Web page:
There has been discussion that young people aged between 16 and 24, are more pro-EU than older people. I would agree partially with this comment, which depends on what kind of education, you have had. I argue this because many of my friends, who went to University, are strong supporters of the European Union. You only had Conservative Future (Young Tories) arguing against the European Union, although many of the policies from that organisation are anathema to many young people. I joined the Liberal Democrats, because they were pro-EU, and believed in reforming the EU.

    However, to many young people, who have left education from either GCSE’s or A-Level stage, believe that the EU is responsible for them, not having employment. This is because they are from a working-class background, where they believed if they would be trained in a specific trade like catering, they would have a job. What they are seeing, is that the influx of people from Eastern Europe, are taking ‘their’ jobs. I have repeatedly told friends under the Single European Act, that the EU allows freedom of labour, which means they can look for jobs in other countries, within the EU. However, they have been persuaded from the likes of UKIP, that they are being robbed of jobs and that politicians are not listening to them. There is a deep discontent by politicians from all mainstream political parties, to young people in inner urban areas. We have to address this issue with educating people about the full value of the EU and other benefits of all policies, which each mainstream political party puts up to them, at an election.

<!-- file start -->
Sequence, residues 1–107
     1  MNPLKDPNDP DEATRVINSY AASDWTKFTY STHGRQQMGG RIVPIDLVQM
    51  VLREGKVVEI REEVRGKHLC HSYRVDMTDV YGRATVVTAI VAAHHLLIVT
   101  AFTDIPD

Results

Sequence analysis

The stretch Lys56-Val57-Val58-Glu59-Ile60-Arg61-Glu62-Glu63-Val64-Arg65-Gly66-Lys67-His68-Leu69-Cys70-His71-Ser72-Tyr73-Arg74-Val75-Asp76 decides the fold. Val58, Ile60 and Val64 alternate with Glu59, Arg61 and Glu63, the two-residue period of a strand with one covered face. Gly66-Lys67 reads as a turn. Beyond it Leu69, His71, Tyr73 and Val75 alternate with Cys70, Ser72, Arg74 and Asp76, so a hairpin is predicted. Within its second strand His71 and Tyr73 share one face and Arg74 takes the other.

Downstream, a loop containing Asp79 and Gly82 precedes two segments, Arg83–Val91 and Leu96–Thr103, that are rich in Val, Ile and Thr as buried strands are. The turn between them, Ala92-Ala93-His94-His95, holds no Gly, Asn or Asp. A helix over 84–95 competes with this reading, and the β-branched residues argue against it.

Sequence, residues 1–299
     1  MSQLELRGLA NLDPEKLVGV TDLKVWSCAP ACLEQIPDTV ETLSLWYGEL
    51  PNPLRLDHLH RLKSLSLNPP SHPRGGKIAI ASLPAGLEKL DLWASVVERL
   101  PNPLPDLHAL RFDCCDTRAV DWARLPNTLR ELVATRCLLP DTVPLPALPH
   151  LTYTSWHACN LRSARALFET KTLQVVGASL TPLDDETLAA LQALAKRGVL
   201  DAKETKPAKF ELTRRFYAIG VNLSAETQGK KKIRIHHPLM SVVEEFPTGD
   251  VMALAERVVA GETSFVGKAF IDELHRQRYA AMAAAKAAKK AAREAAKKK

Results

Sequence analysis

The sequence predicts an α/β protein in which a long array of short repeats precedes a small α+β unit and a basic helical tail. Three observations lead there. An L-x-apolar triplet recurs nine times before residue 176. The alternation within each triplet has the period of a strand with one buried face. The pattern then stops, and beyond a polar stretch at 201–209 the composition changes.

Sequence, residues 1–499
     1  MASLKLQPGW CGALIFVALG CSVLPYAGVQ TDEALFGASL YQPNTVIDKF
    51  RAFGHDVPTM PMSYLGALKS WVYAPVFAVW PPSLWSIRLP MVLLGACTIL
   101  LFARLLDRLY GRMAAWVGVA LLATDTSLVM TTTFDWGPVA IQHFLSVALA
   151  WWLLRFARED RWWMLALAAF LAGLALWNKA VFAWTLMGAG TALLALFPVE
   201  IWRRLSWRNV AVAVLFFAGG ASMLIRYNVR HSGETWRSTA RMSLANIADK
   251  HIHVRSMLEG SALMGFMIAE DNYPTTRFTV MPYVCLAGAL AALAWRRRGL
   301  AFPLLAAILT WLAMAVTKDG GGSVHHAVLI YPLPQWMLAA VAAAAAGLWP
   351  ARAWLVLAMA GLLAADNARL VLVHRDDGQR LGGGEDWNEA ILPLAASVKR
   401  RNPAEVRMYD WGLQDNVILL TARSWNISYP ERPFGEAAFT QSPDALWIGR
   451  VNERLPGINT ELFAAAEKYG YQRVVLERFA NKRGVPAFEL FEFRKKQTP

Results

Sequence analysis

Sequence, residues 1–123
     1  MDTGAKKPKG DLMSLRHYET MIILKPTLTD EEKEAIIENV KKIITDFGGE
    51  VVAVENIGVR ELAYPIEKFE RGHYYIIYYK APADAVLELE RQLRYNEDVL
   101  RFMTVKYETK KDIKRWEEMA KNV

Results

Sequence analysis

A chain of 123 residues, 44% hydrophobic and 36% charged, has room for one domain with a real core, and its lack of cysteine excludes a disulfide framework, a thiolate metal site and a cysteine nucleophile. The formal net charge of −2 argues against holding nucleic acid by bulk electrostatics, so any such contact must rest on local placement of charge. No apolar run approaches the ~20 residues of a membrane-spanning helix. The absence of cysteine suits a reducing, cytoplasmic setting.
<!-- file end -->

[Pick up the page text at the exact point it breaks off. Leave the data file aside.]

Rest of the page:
• Matthew Huntbach 12th Sep '13 - 9:48pm

    David Evans

    Although I can understand and at an intellectual level accept most of your argument, the problem is that most of the young (indeed most of the electorate who used to vote for us), don’t accept it, and won’t accept it.

    Yes, but does that make it wrong? I very much agree with you that Nick Clegg has played his hand very badly, I’ve been saying it since the coalition was started, that though I could see the situation forced us into it, it was a miserable little compromise, and we should have said that instead of seeming to be so pleased about it. It was always going to be difficult, but Clegg and those surrounding him has made it far, far worse.

    I’m sorry, however, that politics has to be a choice between the possible. I’m not going to play the game of saying politicians are bad people for failing to deliver the impossible, even if people won’t accept it. Underneath it seems to me the problem here is that people don’t really understand how representative democracy works – that it is about a chamber of representatives coming together to agree on the most widely accepted compromise. It’s simply not possible for everyone to get everything they want something must give. I’m very sorry that the LibDems were unable to get what they wanted on tuition fees, but how were just 57 MPs to get that when there are 650 MPs in total? If there had been 326 LibDem MPs, then they could have got it. But there weren’t, were there? The people of his country decided not to vote that way.

    Of course, Clegg should have state it more bluntly in these sort of terms. And I think they should have proposed an alternative – 100% subsidy on university fees WITH the tax rises to pay for it, and challenged Labour to back it. In fact they should do that now. Mr Miliband if we are so bad for the tuition fees issues, tell us what YOU would do to get us to where you say we should be.

  • Simon Banks 20th Sep '13 - 5:52pm